Exyn Technologies’ aerial robots are capable of capturing inaccessible data in underground mines.
Exyn Technologies, from the University of Pennsylvania’s GRASP Laboratory, has recently announced that it has completed a previously innocent automated aerial robotic system for use in complex buildings. The drone can dive into historic gold mines that have been inactive since the 1940s to explore and collect data from previously inaccessible areas.
Ascot Resources, the owner of the gold mine, introduced Exyn’s drone to help it collect data in the gold mine. Data for the gold mine stagnated in the 1940s. Ascot said collecting the mine’s data was too expensive and conditions were too dangerous for anthropologists, especially because the company didn’t know what kind of data it would find. In addition, due to the technical limitations of the 1940s, older mines are different from modern mines in that tunnels are narrower and vehicle access is more restricted.
Narrow tunnels used 1940s technology to make human surveys of mines dangerous.
“At Ascot, we want to use the facilities that were previously produced in the mine to collect the new resources we are currently drilling. Exyn is here, showing us the autonomy of their drone technology and the ability to use the acquired data Impressive in timeliness and quality. Looking ahead, we believe this technology will be used to safely explore and assess the condition of underground mines, while also potentially saving costs in mine surveys and ventilation monitoring. “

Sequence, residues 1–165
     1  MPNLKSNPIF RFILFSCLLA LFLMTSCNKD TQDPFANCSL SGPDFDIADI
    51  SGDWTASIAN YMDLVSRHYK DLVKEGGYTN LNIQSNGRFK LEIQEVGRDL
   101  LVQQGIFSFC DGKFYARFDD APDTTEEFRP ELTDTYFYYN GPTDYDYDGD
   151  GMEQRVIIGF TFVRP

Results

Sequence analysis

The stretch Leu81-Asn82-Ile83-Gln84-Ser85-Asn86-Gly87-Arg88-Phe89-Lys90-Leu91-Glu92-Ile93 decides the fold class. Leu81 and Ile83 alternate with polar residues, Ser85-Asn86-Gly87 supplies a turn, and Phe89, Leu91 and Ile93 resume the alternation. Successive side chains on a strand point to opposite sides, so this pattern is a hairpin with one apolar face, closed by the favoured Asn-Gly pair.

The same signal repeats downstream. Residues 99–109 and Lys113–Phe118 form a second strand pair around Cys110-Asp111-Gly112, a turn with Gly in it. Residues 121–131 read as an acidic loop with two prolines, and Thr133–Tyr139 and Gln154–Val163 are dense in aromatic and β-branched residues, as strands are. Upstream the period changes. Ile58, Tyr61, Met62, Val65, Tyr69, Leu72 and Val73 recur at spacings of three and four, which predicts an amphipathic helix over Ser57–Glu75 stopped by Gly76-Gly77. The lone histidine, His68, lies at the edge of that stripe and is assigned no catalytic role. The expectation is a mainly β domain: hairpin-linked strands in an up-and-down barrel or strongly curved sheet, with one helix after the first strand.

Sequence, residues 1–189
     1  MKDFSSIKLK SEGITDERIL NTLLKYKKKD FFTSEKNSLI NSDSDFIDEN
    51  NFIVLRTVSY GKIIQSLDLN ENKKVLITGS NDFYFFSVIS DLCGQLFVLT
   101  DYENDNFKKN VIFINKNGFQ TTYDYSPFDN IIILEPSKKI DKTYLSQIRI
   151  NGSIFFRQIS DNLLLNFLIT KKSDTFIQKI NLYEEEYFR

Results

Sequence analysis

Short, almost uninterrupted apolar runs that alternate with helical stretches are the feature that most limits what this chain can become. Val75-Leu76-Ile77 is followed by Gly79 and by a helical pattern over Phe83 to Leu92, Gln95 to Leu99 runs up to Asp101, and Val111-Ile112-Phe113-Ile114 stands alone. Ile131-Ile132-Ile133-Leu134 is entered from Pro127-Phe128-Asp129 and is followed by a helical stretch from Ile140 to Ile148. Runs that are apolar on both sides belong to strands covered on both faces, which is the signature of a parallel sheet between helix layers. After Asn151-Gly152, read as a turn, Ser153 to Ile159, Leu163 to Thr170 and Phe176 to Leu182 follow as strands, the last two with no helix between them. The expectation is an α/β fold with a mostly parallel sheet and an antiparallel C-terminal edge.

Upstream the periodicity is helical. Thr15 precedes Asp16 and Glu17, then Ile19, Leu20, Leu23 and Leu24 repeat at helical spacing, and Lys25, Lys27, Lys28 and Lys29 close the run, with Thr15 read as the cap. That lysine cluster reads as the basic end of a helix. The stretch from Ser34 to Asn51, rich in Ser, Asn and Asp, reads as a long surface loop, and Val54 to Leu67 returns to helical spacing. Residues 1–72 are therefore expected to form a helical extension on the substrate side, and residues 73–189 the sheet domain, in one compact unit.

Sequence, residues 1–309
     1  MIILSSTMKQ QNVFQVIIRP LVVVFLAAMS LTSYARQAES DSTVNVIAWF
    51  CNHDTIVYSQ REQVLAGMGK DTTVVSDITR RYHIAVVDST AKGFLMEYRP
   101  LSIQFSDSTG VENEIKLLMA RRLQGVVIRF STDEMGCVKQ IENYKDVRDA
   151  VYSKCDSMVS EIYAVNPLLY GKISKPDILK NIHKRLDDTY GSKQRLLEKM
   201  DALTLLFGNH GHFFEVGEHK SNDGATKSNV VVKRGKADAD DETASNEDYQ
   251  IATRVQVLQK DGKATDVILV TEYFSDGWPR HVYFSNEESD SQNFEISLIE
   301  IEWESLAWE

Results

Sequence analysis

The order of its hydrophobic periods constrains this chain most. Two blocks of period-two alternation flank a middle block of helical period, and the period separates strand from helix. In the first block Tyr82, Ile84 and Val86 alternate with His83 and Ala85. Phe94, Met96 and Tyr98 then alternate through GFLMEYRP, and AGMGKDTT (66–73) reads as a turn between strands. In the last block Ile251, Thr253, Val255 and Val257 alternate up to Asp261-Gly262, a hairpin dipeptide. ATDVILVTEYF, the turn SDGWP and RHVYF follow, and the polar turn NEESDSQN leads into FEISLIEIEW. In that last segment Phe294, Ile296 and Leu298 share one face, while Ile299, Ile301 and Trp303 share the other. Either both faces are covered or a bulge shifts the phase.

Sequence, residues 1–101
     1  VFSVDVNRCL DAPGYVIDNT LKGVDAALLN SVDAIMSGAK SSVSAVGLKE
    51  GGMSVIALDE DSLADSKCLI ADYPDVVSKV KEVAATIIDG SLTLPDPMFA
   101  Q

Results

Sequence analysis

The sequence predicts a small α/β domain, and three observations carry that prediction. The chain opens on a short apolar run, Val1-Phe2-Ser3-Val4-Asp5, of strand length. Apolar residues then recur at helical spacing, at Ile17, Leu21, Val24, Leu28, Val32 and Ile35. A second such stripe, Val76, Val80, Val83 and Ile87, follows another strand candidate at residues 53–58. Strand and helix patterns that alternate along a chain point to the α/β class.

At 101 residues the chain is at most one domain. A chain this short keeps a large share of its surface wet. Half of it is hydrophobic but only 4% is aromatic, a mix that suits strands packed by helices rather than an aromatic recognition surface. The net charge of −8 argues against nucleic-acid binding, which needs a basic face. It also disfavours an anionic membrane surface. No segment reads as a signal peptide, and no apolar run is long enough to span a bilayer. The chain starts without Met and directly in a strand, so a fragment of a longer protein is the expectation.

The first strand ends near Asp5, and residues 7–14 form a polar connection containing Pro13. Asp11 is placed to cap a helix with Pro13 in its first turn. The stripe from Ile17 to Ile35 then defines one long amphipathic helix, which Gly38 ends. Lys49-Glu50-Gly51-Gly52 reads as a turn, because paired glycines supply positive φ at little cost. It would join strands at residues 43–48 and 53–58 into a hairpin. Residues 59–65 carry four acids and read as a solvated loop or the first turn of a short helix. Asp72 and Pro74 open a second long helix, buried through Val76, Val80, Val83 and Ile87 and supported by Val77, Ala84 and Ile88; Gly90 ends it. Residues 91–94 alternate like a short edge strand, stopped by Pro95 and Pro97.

Exyn said its drone was able to create a comprehensive map of the mine’s operations by using LiDAR-based mapping technology. When referenced to existing mine layouts and diamond drilling data, the map allows the Ascot team to determine where more gold and silver resources can be tapped. The Ascot team was able to retrieve the data from the Exyn drone to create a report on the amount of mining in the existing mines and determine how much gold remains to be mined on site to make it available to potential investors. Exyn said the technology could reopen many other long-term mines, which could still contain valuable materials.
A team member is preparing to launch an Exyn aerial drone to help survey an old gold mine.
“We have never been able to deploy autonomous flying robots in a completely unknown underground environment and have them collect accurate and comprehensive maps and return them to us. Exyn’s aerial robots have reduced countless man-hours and saved money compared to traditional measurement risks In terms of the heavy burden of making mine personnel safer. “
Exyn Technologies was originally a spin-off of the University of Pennsylvania’s GRASP Labs and raised $ 16 million in Series A funding in July 2019. The company was named one of the “ Companies We’re Following ” in the RBR50 2019 report and recently participated in the DARPA Underground Challenge, which is exploring the use of robotics and autonomous systems in underground environments, including man-made tunnel systems , City underground and natural cave network.